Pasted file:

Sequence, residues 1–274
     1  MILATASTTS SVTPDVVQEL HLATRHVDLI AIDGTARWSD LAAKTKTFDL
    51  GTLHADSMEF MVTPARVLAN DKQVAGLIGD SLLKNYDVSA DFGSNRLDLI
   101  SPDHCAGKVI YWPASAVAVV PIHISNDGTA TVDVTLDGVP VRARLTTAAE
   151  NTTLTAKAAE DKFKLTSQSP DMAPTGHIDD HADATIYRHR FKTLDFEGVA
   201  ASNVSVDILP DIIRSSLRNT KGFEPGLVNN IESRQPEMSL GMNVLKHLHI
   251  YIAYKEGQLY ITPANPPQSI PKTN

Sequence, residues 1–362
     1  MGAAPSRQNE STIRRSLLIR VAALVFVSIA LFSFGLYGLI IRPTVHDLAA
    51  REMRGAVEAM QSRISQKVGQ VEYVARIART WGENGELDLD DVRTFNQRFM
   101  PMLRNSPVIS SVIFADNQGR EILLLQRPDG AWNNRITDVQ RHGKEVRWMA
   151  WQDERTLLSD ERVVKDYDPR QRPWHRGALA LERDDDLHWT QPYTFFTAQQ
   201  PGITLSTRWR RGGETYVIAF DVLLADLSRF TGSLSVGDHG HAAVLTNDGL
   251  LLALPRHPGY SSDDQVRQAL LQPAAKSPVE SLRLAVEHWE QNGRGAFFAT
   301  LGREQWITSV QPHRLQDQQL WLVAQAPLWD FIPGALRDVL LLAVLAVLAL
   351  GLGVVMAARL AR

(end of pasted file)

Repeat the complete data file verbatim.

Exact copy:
Sequence, residues 1–274
     1  MILATASTTS SVTPDVVQEL HLATRHVDLI AIDGTARWSD LAAKTKTFDL
    51  GTLHADSMEF MVTPARVLAN DKQVAGLIGD SLLKNYDVSA DFGSNRLDLI
   101  SPDHCAGKVI YWPASAVAVV PIHISNDGTA TVDVTLDGVP VRARLTTAAE
   151  NTTLTAKAAE DKFKLTSQSP DMAPTGHIDD HADATIYRHR FKTLDFEGVA
   201  ASNVSVDILP DIIRSSLRNT KGFEPGLVNN IESRQPEMSL GMNVLKHLHI
   251  YIAYKEGQLY ITPANPPQSI PKTN

Sequence, residues 1–362
     1  MGAAPSRQNE STIRRSLLIR VAALVFVSIA LFSFGLYGLI IRPTVHDLAA
    51  REMRGAVEAM QSRISQKVGQ VEYVARIART WGENGELDLD DVRTFNQRFM
   101  PMLRNSPVIS SVIFADNQGR EILLLQRPDG AWNNRITDVQ RHGKEVRWMA
   151  WQDERTLLSD ERVVKDYDPR QRPWHRGALA LERDDDLHWT QPYTFFTAQQ
   201  PGITLSTRWR RGGETYVIAF DVLLADLSRF TGSLSVGDHG HAAVLTNDGL
   251  LLALPRHPGY SSDDQVRQAL LQPAAKSPVE SLRLAVEHWE QNGRGAFFAT
   301  LGREQWITSV QPHRLQDQQL WLVAQAPLWD FIPGALRDVL LLAVLAVLAL
   351  GLGVVMAARL AR